Risk for contact lens-related infections includes non-modifiable factors such as younger lens wearers, male sex, high refractive error, higher socio-economic status (unexplained, perhaps attributed to behaviour in lens wear) and previous ocular disease[17]. The modifiable risk factors are smoking, overnight use of lenses, use of water as solution to disinfect lenses, poor lens and hand hygiene, poor replacement schedule of lenses and lens cases and use of multiple day lenses compared to daily replaceable lenses[1] as these cause increased bioburden production over lenses. These risk factors remain valid for HCWs working during the COVID-19 pandemic.

Currently, available advice for the general public is conflicting as the Centers for Disease Control and Prevention (CDC) claims “no evidence to suggest contact lens wearers are more at risk for acquiring COVID-19 than eyeglass wearers”. It also claims that “hydrogen peroxide-based systems for cleaning, disinfecting, and storing contact lenses should be effective against the virus that causes COVID-19”[18]. While the American Academy of Ophthalmologists advises to switch to eyeglasses as people who wear lenses touch their face more due to increased irritation with lenses[19]. Current data are equivocal for contemporary lens solutions containing hydrogen peroxide to completely disinfect viruses[20],[21]. There is no study yet done to look at the current contact lens solutions and SARS-CoV-2 disinfection. As hands remain a vector for spreading the contracting microbes through contact lenses[22], the significance of hand hygiene cannot be stressed more as it has been recommended by both the CDC and the WHO. Hand hygiene should also be followed before application and removal of contact lenses. This advice can be followed to reduce the risk of contracting the virus. Contact lenses should be immediately removed and discarded if the eye gets infected.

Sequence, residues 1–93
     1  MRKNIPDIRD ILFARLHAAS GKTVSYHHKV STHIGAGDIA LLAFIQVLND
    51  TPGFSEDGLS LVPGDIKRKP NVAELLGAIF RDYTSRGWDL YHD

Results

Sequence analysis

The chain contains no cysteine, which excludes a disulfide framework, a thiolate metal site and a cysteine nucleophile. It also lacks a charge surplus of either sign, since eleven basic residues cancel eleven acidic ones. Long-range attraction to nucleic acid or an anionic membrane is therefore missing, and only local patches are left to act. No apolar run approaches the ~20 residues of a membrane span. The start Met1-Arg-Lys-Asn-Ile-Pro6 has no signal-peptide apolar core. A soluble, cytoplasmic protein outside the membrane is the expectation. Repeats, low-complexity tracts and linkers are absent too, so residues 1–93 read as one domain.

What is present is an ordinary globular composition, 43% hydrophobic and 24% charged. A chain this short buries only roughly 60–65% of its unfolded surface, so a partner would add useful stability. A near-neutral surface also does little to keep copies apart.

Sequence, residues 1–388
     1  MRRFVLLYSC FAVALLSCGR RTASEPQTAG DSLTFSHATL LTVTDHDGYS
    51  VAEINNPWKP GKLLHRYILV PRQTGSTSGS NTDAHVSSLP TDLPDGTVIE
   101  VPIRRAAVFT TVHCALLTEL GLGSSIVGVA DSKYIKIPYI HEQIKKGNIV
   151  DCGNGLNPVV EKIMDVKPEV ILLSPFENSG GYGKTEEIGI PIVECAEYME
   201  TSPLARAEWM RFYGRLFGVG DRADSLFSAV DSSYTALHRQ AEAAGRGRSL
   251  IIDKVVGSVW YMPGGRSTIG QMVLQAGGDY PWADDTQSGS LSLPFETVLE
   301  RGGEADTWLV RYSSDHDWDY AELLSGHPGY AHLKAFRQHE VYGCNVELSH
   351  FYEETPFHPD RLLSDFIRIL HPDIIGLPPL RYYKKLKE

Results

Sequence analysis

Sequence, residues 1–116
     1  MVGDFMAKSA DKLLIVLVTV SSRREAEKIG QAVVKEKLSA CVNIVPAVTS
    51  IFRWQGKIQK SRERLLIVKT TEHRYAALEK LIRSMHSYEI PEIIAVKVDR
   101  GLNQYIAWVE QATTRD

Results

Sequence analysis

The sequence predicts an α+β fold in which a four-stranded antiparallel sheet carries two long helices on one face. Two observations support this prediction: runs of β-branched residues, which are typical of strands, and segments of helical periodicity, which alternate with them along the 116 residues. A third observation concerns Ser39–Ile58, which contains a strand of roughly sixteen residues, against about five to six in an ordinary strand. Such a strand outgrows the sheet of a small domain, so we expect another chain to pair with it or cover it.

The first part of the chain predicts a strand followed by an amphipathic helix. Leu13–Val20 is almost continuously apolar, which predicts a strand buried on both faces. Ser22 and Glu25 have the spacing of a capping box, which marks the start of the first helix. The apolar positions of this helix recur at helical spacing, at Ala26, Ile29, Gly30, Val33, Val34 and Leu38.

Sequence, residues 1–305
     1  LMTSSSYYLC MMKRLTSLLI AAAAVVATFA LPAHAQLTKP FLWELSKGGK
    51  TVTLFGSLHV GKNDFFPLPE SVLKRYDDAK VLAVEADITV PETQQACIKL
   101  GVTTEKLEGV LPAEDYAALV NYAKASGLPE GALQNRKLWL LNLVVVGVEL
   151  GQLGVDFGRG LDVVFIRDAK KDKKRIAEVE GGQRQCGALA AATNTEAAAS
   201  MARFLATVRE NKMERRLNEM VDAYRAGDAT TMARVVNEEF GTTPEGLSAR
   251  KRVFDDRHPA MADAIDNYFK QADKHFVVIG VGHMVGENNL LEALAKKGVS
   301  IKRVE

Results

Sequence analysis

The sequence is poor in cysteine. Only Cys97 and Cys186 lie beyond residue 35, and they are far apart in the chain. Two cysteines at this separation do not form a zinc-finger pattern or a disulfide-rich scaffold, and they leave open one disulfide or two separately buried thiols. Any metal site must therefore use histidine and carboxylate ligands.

Nosocomial spread of SARS-CoV-2 has been a major concern for both patients and HCWs[23]. In the increasing layers of personal protective equipment (PPE), contact lenses may be a liability as it requires extra care before and after use. Although the rates of transmission are low, the current solutions do not guarantee full disinfection. A risk all HCWs face in clinical environment is increased exposure to pathogens compared to the general public; even though the rate of contact lens-associated complications is low, seeking medical attention during the time of a global lockdown can be a potential issue. It has been postulated that there may be an increase of ocular surface infections in HCWs wearing contact lenses as the novel virus is transmitted via aerosol droplets and contamination of finger tips while applying and removing lenses. It is acknowledged that eyeglasses are a more suitable alternative to contact lenses, but that does not mean that it will protect against SARS-CoV-2. Eyeglasses are advised in busy clinical environments as these are easier to clean with soap and water and dried with a paper towel, unlike lenses which may need to be replaced or thoroughly disinfected. Wearing and removing eyeglasses may inadvertently result in touching one's face; however, contact lenses cause dry eyes in up to 40 per cent of wearers, leading to discomfort and more frequently touching one's eyes[24]. Despite this, certain advantages of contact lenses remain such as a safe way of correcting vision problems, especially in corneal dystrophies[25], and it may be more comfortable when worn with PPE than eyeglasses for HCWs. If HCWs still want to wear contact lenses, it is advised to wear daily disposable lenses[26] to minimize any contaminants in lens storage systems and to practice fastidious hand hygiene techniques.

Finally, further research is required to investigate the transmission and infectivity of SARS-CoV-2 through ocular tissue and secretions, to ascertain the interaction of lens material with the virus and to determine which lens solution components will fully disinfect this new virus.

Conflicts of Interest: None.